Asylum seekers: “Italy has been abandoned by Europe”

The number of asylum seekers in Europe has more than doubled in recent years, representing the biggest movement of people to Europe since the Second World War.
What response can Europe provide? Cécile Kyenge, Member of the European Parliament (MEP) and former Minister for Integration in Italy, was this week invited to the Centre d’Etudes Européennes at Sciences Po to debate the issue at a conference focusing on the reception of refugees and asylum seekers in Europe.
 
Exploitation by extreme-right European political parties, the opening and closure of borders, the limitations of the EU plan for the reception of refugees, and the European development aid policy are some of the issues discussed. Drawing upon first hand experience, Cécile Kyenge argues that “Italy has been abandoned” yet remains optimistic about the role that the EU can play. “In the last 60 years, the European Union has never been confronted with a more important issue; we need a common immigration policy based upon mutual support and cooperation". Watch the video.
 
In the run-up to the May 2017 French presidential election, the Centre d’Etudes Européennes at Sciences Po is examining the European issues at stake in the campaign. This conversation with Cécile Kyenge is the first in a series of conferences organised by the Centre for European Studies.

Sciences Po invests in African talent

Sciences Po invests in African talent

Today is the official opening of Sciences Po’s office in Nairobi, Kenya—our first in Africa. This makes Sciences Po the first French university to have an office in an English-speaking part of the continent. The office will coordinate and run a whole series of activities in sub-Saharan Africa.

More
Latin American students: six reasons to choose Sciences Po

Latin American students: six reasons to choose Sciences Po

Are you a Latin American student looking for a selective international university? Sciences Po is one of the world’s leading universities for social sciences and the humanities. Each year we welcome around 600 Latin American students keen to benefit from our multidisciplinary programmes. Still uncertain? Here are six great reasons to choose Sciences Po.

More
“The world economy is more dangerous and less stable now than in 2008”

“The world economy is more dangerous and less stable now than in 2008”

Nearly ten years on from the global financial crisis of 2008, Colin Hay, researcher at Sciences Po’s Centre for European Studies and Comparative Politics, and Tom Hunt (University of Sheffield) have edited a little book which provides a timely warning as to the dangers still present and building in the global economic system. In The Coming Crisis (Palgrave, 2017) they draw on research on the political economy of growth, stagnation, austerity and crisis, placing each in the context of the wider environmental crisis. Interview with Professor Hay.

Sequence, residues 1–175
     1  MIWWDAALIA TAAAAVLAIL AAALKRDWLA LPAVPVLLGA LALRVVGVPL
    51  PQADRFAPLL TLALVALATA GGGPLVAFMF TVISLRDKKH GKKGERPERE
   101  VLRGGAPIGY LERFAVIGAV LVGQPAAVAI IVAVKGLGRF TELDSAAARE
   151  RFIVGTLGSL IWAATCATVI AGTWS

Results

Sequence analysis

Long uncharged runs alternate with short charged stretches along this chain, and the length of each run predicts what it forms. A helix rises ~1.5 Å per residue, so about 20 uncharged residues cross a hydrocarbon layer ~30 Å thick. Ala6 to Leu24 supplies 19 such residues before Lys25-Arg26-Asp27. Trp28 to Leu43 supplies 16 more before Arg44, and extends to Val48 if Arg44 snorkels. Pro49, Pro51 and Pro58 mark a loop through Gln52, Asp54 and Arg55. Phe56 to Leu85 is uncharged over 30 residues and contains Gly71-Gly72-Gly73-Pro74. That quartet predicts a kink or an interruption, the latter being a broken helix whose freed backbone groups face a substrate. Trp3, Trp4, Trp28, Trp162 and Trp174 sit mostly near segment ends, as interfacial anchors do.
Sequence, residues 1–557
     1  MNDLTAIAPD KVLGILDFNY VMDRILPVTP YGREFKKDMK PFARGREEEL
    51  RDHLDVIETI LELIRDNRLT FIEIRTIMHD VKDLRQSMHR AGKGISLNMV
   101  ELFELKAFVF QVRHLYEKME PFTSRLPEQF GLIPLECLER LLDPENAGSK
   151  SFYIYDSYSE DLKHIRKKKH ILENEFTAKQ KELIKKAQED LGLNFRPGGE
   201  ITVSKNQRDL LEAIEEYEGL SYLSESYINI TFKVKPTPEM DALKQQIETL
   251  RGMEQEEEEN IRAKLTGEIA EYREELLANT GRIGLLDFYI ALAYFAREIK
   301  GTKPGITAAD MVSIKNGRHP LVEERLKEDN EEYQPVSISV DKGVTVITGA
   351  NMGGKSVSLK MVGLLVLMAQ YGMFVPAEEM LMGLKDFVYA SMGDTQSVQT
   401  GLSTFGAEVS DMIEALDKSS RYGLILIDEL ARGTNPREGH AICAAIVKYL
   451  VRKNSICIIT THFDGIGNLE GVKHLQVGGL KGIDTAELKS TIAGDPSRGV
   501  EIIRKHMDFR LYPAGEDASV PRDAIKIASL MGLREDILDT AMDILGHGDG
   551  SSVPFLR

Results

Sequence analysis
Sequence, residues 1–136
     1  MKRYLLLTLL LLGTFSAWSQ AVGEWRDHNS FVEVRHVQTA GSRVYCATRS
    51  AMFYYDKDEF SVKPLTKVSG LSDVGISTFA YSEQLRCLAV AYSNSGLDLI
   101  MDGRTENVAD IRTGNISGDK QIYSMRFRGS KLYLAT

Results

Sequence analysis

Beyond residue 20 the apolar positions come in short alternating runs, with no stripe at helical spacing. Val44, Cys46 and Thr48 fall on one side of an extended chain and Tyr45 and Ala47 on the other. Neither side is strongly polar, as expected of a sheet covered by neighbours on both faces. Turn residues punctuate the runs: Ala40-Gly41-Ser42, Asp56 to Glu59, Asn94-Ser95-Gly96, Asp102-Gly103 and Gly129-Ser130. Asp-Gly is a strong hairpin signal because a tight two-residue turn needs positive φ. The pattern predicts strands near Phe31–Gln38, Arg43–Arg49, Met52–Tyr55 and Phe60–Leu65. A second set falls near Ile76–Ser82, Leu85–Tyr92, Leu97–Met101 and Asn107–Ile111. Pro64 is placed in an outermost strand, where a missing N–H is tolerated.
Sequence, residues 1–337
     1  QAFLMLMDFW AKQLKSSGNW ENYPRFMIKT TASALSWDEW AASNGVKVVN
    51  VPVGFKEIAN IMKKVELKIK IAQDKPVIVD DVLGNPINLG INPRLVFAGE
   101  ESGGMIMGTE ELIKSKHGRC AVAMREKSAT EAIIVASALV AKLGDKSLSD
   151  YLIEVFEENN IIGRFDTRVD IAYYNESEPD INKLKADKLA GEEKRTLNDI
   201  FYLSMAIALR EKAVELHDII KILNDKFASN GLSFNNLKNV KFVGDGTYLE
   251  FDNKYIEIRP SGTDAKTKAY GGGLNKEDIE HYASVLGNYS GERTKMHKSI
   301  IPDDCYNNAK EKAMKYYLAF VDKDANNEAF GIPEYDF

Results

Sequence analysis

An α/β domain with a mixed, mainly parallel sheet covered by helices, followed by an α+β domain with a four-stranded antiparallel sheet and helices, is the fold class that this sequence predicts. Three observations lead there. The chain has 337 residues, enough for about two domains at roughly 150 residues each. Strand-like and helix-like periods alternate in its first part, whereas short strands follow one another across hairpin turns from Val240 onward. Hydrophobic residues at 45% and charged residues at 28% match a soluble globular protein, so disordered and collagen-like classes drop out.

More
Stay calm and relaxed!

Stay calm and relaxed!

Each year, half of new students at the Sciences Po Undergraduate College come from outside France. International applicants go through a two-step procedure. First, they complete and submit an online application. Based on this application, certain candidates are then pre-selected for an interview, which can be held in various cities around the world.
More

A week in Silicon Valley

A week in Silicon Valley

To get students thinking about the many aspects of the digital revolution, Sciences Po’s Entrepreneurship Centre took 15 of them to Silicon Valley for a close-up look at technology’s key players, including Facebook, Google and AirBnb. Yaël, who is doing a research-based Master’s in political theory at the Sciences Po Doctoral School, and Thomas, an engineering student at Polytechnique, took part in this immersion-learning trip. Machine learning, blockchain, data science... they told us all about it.

More
“France, a great environment for startups”

“France, a great environment for startups”

Tony Fadell, former senior vice president at Apple, iPod designer and founder of connected objects company Nest, moved to Paris a few months ago. The serial entrepreneur has left Silicon Valley behind him to develop his next projects in the French capital. “France is a country that believes so much in education”, he said. In November 2017 he came to share ideas with Sciences Po students. He goes over a few key points from his talk in this video.

More
“The future is being built today”

“The future is being built today”

Fitiavana Andry from Madagascar wants to play a part in her country's future. Fitiavana belongs to the first cohort of Sciences Po - MasterCard Foundation scholars, a programme that supports committed students from Africa.

More